How to Handle Losing in Volleyball
For whatever reason, your team got off to a slow start, gave up a ton of points early on, and couldn’t dig its way out of the hole. Or maybe, your team gave everything it had and battled hard all the way through, but in the end, came up a few points short of a victory in the initial set. No matter how you package it, losing is unpleasant. But a first game loss isn’t the end of the world — in fact, it isn’t even the end of the match. The way you handle a first game loss can either facilitate a quick bounce-back or undermine a team’s confidence for the next game.
As such, it’s important to make sure that a negative mindset doesn’t hamper the team’s performance in the next game. Here are a few tips to help your team rebound after a loss in the first game.
Shake It Off
If sulking is your favorite past time, then volleyball may not be the sport for you. After a first game loss, you and your teammates will have approximately three minutes until the start of the next game. Translation: You don’t have time to sit around and dwell on everything that went wrong. This doesn’t mean that you should disregard the mistakes made in the first set; mistakes can be an awesome learning opportunity. But you can’t let your past performance dictate your future.
There are plenty of ways to get your mind off the recent loss and prepare for the next game. A team cheer could lift the spirits and refocus the group. Or even a brief pep-talk from a team captain or coach could help the team get into a better mindset. Whatever your technique, the most important thing is to leave the past behind you and set your sights on the upcoming game. Let the countdown begin …
Amazingly True Story
There are countless dramatic comeback stories sprinkled throughout NCAA Women’s volleyball history. However, few are acted out on a national stage and even fewer have national championship implications.
On the night of December 16, 1984, the UCLA women’s volleyball team pulled off the greatest comeback in school history. Facing Stanford University, a volleyball powerhouse, UCLA appeared to be outmatched. The Bruins’ performance in the first two sets of the match did little to persuade naysayers, as UCLA quickly fell behind. Rallying from two-game deficit, UCLA proceeded to take the next three sets. The victory capped a magical season, and resulted in UCLA’s first NCAA national title.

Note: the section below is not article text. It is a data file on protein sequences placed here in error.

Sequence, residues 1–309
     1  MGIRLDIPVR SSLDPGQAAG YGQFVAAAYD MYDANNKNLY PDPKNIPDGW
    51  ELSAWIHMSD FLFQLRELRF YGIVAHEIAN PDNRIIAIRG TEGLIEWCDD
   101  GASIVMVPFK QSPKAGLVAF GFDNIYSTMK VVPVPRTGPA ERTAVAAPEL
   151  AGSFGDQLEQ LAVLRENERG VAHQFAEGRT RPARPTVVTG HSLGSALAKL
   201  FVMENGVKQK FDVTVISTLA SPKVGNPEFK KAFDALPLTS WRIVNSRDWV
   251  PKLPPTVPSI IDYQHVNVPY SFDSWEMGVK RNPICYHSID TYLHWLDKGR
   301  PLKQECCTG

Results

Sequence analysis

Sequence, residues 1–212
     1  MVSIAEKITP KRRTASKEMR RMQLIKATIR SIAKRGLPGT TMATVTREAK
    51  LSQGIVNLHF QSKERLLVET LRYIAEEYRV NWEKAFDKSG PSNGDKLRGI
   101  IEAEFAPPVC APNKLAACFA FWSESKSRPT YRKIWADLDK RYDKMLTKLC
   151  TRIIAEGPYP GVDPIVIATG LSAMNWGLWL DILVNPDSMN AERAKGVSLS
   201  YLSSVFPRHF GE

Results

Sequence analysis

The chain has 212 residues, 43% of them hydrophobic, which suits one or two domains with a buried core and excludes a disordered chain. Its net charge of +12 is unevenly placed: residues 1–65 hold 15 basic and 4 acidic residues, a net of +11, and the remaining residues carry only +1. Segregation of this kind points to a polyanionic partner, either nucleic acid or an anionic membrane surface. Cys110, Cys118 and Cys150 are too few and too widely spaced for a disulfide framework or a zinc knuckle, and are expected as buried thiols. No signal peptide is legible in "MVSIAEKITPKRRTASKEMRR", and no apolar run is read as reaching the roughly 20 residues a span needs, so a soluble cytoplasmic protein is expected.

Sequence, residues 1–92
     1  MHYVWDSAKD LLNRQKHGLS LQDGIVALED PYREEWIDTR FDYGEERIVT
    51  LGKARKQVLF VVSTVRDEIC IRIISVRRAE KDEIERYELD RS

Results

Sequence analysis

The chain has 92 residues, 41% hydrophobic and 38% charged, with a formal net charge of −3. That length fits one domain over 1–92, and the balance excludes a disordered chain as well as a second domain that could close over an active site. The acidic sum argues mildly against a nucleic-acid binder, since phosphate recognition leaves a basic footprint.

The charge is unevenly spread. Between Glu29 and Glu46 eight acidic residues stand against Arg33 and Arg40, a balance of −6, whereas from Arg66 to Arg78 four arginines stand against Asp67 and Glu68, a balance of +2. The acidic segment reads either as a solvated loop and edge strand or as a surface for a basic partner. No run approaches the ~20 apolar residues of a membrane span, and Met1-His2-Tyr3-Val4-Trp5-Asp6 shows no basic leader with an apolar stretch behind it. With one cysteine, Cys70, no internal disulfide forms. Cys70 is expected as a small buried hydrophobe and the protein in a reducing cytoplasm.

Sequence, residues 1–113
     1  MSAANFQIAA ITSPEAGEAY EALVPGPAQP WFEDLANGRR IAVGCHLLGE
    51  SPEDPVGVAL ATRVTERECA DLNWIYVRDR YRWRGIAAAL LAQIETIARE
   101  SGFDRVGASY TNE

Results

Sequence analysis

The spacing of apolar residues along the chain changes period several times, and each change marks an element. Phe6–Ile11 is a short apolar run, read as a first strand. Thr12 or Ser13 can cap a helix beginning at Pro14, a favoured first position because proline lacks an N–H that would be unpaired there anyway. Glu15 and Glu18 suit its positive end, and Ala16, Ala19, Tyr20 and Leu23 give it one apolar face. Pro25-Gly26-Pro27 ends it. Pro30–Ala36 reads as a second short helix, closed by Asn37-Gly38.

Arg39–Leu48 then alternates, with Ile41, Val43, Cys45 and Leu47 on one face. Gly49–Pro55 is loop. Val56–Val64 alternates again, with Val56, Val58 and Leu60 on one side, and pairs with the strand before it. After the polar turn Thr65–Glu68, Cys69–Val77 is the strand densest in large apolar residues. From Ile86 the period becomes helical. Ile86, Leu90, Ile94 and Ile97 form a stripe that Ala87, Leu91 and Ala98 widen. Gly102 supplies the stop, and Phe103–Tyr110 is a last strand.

Learn from the Loss
One play is never the deciding factor in a game. Rather, losses are the product of a combination of different causes: Bad passing, poor execution, lack-luster effort, or missed serves are just a few of the variables that can add up to an “L” in the win/loss column. The ability to identify the mistakes that lead to the loss will help you correct those errors, and thus, prepare you for the next game.
The trick is to point out the mistakes that are easily correctable. Some mistakes have simple solutions and others require a more complicated fix. For example, if an opponent scored a majority of its points by tipping the ball short, you could easily solve that problem by shifting the defense so that a defender is in a better position to pick up the tips. This fix is simple, quick, and doesn’t require a change in technique.
Changes that require an overhaul in technique are almost impossible to make during game situations, because breaking a bad habit requires numerous repetitions. Fixes like those are best done during practice. Briefly assess whether the mistakes are easily correctable, and then act accordingly.
Dropping the first set of a match isn’t a sufficient reason to abandon ship. If the game plan you came into the match with has a history of success, then don’t be too quick to jump the gun and change your whole playing philosophy.
Overcompensating by making a ton of changes before the next game can throw off the team’s natural rhythm and essentially cause more problems than it fixes. Be cautious when making major changes to the game plan or lineup. After all, a bad performance in the first set could just be an anomaly, and your team may perform much better the second time around without any changes.
High stress situations, like playing from behind, can greatly increase the amount of tension in your body. This could spell bad news for your on-court performance and your general well-being. When the body is tight, executing simple movements can become a daunting chore. Specifically, your reaction times may be slower due to hesitation.
The Big Picture
Winning is great, but the ultimate goal for every team should be improvement. For this reason, failure can be an efficient and effective motivator. So don’t let a first-game loss ruin the outlook for the rest of the match. If you drop the first set, take a deep breath, and start preparing yourself for the upcoming game.